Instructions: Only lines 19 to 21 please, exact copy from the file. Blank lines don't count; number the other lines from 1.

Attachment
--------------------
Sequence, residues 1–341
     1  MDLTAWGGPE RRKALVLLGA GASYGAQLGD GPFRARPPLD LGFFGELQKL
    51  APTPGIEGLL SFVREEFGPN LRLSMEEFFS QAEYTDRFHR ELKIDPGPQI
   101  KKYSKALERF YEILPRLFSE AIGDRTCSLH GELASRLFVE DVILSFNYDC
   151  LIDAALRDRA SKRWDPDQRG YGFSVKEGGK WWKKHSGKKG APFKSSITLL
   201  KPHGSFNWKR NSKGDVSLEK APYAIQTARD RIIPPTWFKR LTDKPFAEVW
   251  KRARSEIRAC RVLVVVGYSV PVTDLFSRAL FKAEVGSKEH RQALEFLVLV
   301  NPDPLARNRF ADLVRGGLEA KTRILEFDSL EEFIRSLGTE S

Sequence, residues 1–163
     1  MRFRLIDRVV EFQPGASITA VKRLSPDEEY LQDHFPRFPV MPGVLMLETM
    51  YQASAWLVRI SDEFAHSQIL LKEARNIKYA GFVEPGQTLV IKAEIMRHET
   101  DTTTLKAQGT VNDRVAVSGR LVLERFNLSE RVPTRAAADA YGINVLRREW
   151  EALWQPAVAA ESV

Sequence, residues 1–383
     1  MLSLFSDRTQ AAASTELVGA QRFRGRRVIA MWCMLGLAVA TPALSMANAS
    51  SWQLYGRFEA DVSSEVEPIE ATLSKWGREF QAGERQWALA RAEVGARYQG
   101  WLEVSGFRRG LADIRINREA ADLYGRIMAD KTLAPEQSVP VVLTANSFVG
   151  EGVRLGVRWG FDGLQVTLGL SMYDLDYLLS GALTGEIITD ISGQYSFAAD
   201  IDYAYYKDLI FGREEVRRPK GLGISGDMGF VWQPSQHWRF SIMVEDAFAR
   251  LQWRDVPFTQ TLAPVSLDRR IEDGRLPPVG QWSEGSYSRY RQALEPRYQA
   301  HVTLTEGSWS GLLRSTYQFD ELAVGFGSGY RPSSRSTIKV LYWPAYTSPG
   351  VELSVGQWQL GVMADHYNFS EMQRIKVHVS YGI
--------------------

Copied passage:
   201  IDYAYYKDLI FGREEVRRPK GLGISGDMGF VWQPSQHWRF SIMVEDAFAR
   251  LQWRDVPFTQ TLAPVSLDRR IEDGRLPPVG QWSEGSYSRY RQALEPRYQA
   301  HVTLTEGSWS GLLRSTYQFD ELAVGFGSGY RPSSRSTIKV LYWPAYTSPG